Reference Current Generator
Creating a spread insensitive
current either requires trimming of resistors or a circuit where production
spread cancels. Trimming is expensive. Therefore this circuit attempts
to cancel the most frequent causes of spread.
M4, M5, M7, M8 are
a ring current generator similar to commonly known bipolar counterparts.
In stead of using a resistor M9 is operated in linear range (Vds<<Vgs).
M7 and M8 W/L ratio define the current flowing through M9. M2 is the starter.
A depletion transistor is advantageous but a high valued resistor would
do the same job.
Without long channel
transistor M6 there would be 2 additional weakly stable operating points:
1. M7 off, gate
of M8 floating high, M8 fully on.
2. M7 on, M8 off,
gate of M7 floating high.
These two undesired
operating points don't exist in the bipolar counterpart because the base
currents don't allow floating states. Adding long channel transistor M6
prevents these undesired operating points. Making M6 too short degrades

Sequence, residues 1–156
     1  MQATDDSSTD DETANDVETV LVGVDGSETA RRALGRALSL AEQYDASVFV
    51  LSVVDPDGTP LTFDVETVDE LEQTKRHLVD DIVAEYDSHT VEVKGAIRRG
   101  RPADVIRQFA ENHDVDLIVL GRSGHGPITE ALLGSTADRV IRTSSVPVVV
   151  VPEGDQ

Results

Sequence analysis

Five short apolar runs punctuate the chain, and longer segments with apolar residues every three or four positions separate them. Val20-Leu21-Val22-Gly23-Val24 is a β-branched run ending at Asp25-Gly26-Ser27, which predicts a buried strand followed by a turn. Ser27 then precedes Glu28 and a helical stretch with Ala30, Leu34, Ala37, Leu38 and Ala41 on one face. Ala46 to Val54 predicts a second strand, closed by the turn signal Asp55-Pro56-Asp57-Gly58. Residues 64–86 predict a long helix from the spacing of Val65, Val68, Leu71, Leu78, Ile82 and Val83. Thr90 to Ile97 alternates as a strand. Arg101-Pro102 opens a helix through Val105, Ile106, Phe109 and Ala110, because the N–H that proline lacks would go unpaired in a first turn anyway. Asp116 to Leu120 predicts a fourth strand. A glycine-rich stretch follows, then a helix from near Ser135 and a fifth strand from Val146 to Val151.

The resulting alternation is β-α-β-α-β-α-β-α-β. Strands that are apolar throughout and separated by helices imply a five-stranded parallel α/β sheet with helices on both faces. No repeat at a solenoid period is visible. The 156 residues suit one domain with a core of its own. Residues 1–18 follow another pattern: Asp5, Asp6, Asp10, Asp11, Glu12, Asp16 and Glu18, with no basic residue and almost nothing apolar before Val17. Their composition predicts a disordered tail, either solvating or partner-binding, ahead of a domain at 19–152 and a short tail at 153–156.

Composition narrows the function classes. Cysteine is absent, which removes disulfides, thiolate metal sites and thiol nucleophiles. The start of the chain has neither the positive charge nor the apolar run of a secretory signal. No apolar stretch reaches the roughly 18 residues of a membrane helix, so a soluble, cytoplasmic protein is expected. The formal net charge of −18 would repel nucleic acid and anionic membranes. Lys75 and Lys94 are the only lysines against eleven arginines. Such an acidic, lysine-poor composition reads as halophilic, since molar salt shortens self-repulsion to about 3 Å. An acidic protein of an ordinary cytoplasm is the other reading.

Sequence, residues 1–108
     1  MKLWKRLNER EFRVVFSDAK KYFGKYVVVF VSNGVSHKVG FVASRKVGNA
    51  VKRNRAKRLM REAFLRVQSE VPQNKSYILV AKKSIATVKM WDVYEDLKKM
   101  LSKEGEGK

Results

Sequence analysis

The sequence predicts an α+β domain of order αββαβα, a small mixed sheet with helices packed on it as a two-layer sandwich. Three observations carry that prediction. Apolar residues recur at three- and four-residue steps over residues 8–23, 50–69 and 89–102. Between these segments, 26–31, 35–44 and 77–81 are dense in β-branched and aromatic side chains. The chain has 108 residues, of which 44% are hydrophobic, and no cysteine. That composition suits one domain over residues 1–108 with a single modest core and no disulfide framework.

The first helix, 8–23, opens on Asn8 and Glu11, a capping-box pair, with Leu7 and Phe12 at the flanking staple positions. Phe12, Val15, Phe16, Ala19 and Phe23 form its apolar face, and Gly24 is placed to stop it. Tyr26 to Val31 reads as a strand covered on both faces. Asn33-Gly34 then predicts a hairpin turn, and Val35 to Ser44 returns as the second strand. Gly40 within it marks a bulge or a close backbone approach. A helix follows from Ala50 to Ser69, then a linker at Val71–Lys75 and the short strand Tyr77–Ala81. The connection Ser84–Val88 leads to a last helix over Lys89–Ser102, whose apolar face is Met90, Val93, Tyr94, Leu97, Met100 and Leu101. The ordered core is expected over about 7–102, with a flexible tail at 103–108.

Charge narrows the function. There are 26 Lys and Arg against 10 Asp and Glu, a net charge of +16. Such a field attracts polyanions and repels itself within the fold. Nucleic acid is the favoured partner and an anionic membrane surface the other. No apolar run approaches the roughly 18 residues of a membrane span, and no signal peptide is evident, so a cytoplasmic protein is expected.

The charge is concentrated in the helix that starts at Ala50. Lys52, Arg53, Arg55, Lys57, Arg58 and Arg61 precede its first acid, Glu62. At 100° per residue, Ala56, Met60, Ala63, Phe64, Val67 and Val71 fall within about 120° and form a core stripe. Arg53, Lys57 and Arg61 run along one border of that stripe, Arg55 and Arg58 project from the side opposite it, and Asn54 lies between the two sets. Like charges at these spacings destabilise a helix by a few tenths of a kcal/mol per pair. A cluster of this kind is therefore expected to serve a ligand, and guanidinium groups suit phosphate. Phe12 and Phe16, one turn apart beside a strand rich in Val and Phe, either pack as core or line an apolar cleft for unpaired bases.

The voltage at the
source of M8 depends on:
1. The W/L ratio
between M8 and M7
2. The transconductance
gm of M7 and M8
Since gm is a function
of gate oxide thickness and of temperature the source voltage of M8 is
inverse proportional to gm and temperature.
Vs8 ~ 1/tox
To compensate the spread
of the source voltage of M8 a resistance proportional to gm and temperature
is needed. The current through M9 calculates as:
this equation can be approximated by:
Provided M9 is driven
by Vgs9 = Vt+Vc with Vc being a constant voltage the gate oxide thickness
cancels. As long as the supply voltage is stable the drop across R2 is
about equal to Vc (assuming the current through R1 is much higher than
the current through M1).